Employers and industry bodies have highlighted growing concern that Tasmania's vocational education sector will not be agile enough to expand quickly or respond to meet its post-COVID needs.
The Premier's Economic and Social Recovery Advisory Council, in its interim report released this week, made several recommendations to the state government to expand VET places in Tasmania.
The report noted feedback from several employers, who expressed concern Tasmania's public provider TasTAFE will not be able to be flexible or agile enough to completely meet the needs of the workforce.
"Given the rapid shift in labour demand created by suppression measures and subsequent stimulus spending, there needs to be ongoing support for workers transitioning between sectors, particularly into construction," the interim report reads. "There also needs to be a concerted response to the rapid decline in new apprentices and trainees across a range of sectors, pointing to future skills shortages."
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Tasmania's VET sector has been at the centre of the state's COVID-19 response, as the government and other stakeholders pin economic recovery on sectors such as construction, plumbing and electrical.
And while, as noted in the report, there have been initiatives announced by both the state and federal governments to support the VET sector:
"Nonetheless, employers remain concerned that TasTAFE and the training system more broadly will not be able to provide the responsiveness, agility and industry-relevant training required to support Tasmanians into emerging job opportunities, as well as improving the flexibility and productivity of existing workers."
Master Builders Tasmania chief executive Matthew Pollock said it was not as simple as not having faith in TasTAFE's ability to respond to the needs of the workforce, but more about ensuring there was a wider net available for prospective students or people looking to upskill or retrain.
"The training system is agile enough but what we're talking about needing is an increase in the overall capacity of places," he said.
The construction industry, in particular, has been given a boost in recent months, particularly in Tasmania, where several infrastructure projects have been brought forward.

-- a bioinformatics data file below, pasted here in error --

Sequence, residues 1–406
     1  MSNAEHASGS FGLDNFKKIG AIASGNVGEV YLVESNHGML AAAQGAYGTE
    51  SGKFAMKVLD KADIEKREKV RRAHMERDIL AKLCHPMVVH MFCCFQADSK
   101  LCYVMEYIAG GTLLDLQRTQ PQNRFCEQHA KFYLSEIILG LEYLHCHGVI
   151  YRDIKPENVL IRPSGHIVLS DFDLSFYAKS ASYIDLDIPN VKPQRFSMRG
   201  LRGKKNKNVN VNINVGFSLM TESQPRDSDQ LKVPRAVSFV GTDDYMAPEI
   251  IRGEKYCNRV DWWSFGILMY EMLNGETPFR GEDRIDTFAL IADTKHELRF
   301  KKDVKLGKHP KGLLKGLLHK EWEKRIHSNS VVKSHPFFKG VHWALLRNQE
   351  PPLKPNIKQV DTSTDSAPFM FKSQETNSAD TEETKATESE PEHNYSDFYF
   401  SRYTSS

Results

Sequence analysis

Those initiatives will help bolster the pipeline of work but Mr Pollock said the sector would still require a steady stream of workers and apprentices.
He said what would benefit the system as a whole would be for individual industries to take a far greater role in providing the training needs of its employees for industry-relevant training.
While TasTAFE and the government respond with what they can, Mr Pollock said industry needed to step up to the plate.
"It's important industry plays a greater role in providing the skills and training moving forward," he said.
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A program that worked parallel with TasTAFE between industry and training providers would help to bridge and gaps that exist, he said.
TasTAFE's role in the economic recovery has been placed relatively at the centre of Tasmania's response, with Premier Peter Gutwein establishing the Skills Roundtable, which includes representatives from TasTAFE and from various industry sectors, to help provide insight into the response.
TasTAFE chief executive Jenny Dodd said at the most recent round table, there had been strong industry endorsement of TasTAFE's relationships.
However, she said if further work could be done, she encouraged those in industry to speak up and work something out.
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"We encourage industry sectors to talk with us. Where industry needs training and work with us in a partnership, we are always able to offer a training solution," she said.
"TasTAFE is responsive and able to tailor training solutions for industry through packages of skill sets to meet their immediate training needs. TasTAFE has pivoted its training towards more skill sets in semester two to be more agile."
A most recent example of TasTAFE's response to COVID-19 was the Skill Up for your Future program, Ms Dodd said.
Skill Up offers several short courses to participants free of charge, to encourage reskilling of people impacted by COVID job losses.
Ms Dodd said there had been more than 300 enrolments for the first round of the Skill Up courses, which began on June 29.
A new suite of courses begins in August and September and there are more than 100 confirmed enrolments for these courses.
Community expectations and the discourse surrounding VET education has led to fewer enrolments than compared to tertiary education and universities but Mr Pollock said what this report showed was that VET will be needed to ensure Tasmania's economic survival.
"What this shows is that there is going to be a shift, the jobs that will be required for COVID-19 response are overwhelmingly jobs that are educated for by the VET sector," he said. "It's heartening to see the focus put on the VET sector in this report because it shows a turning of the tide."
Mr Pollock said he hoped the report and the industry response would shift the conversation around VET to be one that is more positive and focused around strong job outcomes. "It [VET] can be a number one pick for students, it leads to fantastic and rewarding job outcomes," he said.'
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Education Minister Jeremy Rockliff said the government was considering the recommendations of the PESRAC report but had already announced initiatives that supported the aims of the report.
"We want to deliver the maximum number of low-cost of fee-free placements for Tasmanians, which means utilising both public and private providers," he said.
Tasmanian Labor has taken to the next election a policy that advocates for free TAFE and VET education, however, Mr Rockliff said that was not an increase in investment.